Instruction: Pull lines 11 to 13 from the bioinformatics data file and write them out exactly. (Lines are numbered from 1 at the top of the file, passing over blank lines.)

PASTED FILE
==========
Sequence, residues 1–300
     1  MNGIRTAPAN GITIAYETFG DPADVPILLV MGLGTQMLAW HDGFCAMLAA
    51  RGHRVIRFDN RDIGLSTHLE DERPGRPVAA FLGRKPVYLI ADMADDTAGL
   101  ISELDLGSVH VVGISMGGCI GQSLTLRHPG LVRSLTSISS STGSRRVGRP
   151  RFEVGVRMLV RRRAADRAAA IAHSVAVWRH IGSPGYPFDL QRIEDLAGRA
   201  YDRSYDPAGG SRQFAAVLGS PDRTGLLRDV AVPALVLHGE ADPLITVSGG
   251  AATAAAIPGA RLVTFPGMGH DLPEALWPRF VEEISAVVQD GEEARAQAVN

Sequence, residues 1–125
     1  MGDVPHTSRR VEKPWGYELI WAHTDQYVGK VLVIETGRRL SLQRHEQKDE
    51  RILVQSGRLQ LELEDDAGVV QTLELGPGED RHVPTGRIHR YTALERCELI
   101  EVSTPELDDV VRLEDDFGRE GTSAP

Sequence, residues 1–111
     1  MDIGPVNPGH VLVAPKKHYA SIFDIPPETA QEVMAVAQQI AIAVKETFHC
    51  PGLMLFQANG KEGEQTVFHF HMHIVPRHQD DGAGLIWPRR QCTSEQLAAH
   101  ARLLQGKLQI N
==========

   101  EVSTPELDDV VRLEDDFGRE GTSAP

Sequence, residues 1–111
     1  MDIGPVNPGH VLVAPKKHYA SIFDIPPETA QEVMAVAQQI AIAVKETFHC